Flintlocks served as dueling pistols and can be found in cased pairs often manufactured in England by the likes of Wogdon, Griffin & Tow, and H.W. Mortimer. Percussion firearms made flintlocks obsolete as weapons technology crept toward guns using metallic cartridges. Surviving flintlocks from the American Revolution are rare and often came from overseas.
In 1870, Colt bought National Arms, the company that held Daniel Moore’s single shot pistol patents, and used them to produce the Colt 1st, 2nd, and 3rd Model Derringers. These pistols led to Colt’s development of its New Line series of pocket pistols.
Small guns are often where collectors get their start. George S. Lewis Jr. was a legendary collector who started with derringers. Early on, he wrote that the reasons he started with derringers was because they were overlooked by advanced collectors and could be found at reasonable prices.
This Colt First Model Derringer is among 27 lots of derringer pistols in Rock Island Auction’s Oct. 4-6 Sporting & Collector Auction. The all iron gun is engraved on the frame and lower barrel and has checkering on the grip.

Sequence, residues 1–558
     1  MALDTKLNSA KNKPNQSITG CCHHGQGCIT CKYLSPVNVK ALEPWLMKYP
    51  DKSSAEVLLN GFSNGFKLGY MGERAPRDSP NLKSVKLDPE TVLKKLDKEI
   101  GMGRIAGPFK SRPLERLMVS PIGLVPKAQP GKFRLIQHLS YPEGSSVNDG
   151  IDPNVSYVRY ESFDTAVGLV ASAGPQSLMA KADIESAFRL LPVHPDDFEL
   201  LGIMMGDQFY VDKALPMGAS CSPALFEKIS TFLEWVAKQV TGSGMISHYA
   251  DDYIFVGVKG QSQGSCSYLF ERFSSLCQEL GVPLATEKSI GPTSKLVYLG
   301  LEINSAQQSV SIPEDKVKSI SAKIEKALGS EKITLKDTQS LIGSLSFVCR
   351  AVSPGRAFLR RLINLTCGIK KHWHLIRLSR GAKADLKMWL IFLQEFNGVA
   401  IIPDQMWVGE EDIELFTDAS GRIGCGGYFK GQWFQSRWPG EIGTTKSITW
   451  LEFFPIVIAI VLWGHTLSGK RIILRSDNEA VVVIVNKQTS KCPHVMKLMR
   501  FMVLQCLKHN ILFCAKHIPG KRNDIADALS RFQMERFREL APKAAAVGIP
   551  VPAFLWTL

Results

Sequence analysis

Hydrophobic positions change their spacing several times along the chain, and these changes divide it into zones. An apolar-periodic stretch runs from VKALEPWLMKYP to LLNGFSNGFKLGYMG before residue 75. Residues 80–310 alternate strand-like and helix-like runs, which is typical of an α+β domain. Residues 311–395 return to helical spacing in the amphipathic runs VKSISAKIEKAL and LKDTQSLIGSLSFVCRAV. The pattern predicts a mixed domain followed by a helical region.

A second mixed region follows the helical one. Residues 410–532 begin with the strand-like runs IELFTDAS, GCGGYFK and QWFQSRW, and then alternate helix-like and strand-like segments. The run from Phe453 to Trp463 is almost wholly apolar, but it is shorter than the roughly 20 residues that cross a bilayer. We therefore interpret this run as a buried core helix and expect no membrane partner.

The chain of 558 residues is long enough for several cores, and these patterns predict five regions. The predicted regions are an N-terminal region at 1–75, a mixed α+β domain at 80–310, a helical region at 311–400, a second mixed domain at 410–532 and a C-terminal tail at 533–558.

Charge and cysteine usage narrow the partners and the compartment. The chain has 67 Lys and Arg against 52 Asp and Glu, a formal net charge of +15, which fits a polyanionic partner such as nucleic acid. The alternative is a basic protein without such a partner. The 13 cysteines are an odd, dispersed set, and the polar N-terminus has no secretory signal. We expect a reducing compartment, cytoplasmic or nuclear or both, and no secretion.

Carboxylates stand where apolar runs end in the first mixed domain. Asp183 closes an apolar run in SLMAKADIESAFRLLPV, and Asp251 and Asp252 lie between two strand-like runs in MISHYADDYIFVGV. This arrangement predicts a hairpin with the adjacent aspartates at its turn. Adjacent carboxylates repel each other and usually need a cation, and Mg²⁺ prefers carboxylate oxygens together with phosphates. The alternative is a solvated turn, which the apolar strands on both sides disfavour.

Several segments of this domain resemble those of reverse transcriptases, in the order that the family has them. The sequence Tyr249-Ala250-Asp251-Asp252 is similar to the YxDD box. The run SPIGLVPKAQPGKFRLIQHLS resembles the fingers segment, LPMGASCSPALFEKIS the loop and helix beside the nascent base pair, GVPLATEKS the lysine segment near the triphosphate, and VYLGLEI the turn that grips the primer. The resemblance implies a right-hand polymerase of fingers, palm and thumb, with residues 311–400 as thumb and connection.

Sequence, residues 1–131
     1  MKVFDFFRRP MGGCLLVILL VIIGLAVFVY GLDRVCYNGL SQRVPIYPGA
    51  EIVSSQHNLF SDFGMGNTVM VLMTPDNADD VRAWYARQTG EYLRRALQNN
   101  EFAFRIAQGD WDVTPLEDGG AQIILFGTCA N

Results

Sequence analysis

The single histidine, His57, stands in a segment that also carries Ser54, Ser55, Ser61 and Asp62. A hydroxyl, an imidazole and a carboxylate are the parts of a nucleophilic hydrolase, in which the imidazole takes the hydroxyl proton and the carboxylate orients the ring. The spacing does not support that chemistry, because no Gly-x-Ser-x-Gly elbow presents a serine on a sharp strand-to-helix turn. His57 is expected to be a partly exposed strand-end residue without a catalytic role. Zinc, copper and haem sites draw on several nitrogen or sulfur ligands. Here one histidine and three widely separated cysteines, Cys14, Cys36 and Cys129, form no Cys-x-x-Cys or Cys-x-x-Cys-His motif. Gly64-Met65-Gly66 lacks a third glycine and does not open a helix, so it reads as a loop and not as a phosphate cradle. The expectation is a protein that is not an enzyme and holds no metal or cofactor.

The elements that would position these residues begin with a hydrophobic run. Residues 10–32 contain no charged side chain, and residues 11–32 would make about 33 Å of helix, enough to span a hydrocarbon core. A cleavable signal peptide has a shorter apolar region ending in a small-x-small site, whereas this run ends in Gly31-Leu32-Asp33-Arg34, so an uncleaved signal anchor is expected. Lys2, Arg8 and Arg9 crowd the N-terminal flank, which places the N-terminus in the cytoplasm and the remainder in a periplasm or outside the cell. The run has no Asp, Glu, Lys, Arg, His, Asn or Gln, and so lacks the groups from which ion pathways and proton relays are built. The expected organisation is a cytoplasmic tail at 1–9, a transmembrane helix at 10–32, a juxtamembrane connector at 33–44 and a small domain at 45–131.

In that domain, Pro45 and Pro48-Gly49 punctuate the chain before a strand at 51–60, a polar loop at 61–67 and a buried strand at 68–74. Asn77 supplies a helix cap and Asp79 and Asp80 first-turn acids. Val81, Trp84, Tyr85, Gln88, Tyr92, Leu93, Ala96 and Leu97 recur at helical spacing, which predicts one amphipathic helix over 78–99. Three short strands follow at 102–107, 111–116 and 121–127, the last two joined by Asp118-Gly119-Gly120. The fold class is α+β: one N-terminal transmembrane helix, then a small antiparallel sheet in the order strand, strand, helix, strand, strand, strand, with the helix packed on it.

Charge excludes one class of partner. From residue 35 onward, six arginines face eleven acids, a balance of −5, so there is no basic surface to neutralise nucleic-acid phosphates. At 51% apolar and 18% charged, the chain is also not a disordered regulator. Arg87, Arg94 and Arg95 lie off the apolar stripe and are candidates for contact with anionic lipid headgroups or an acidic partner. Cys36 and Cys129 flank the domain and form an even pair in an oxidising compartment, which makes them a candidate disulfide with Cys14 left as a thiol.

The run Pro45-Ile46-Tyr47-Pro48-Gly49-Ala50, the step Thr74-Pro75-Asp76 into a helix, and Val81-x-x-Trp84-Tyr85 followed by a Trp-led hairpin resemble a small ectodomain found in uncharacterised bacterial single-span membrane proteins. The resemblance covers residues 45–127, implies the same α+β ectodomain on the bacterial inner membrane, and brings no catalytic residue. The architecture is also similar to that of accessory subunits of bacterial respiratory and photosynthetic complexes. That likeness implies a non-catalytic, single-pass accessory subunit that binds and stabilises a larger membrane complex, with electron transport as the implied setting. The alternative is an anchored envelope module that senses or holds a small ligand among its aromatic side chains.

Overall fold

Almost but not quite too late to be an antique firearm, the Winchester Model 1894 would be one of the most popular American guns ever made, with 7.5 million produced. John Moses Browning designed the gun’s locking mechanism, receiving the patent in August 1894. Winchester had the gun, the first developed for smokeless powder cartridges, on the market by November of that year.
Special order features like pistol grips or shotgun style buttplate, engraving, and manufacturing changes like the location of screws provide for numerous collecting options.
Rock Island Auction has had the privilege of selling firearms that have sold for hundreds of thousands of dollars, into the millions, but those often find their way to advanced and elite collectors. Everyone has to start their collection somewhere and RIAC caters to collectors at every level. A Sporting & Collector auction is a great place to start, where nascent collectors can focus their interest and find antique firearms at attractive price points. The Oct. 4-6 Sporting & Collector Auction provides collectors at all stages of their avocation the opportunity to check out and examine affordable antique firearms at the Oct. 3 Preview Day and experience the excitement of live bidding at the three-day sale.
Colt1903, 1908, Savage 1917 and Remington 41’s are also still available at good prices and have enough variations to make collection attractive.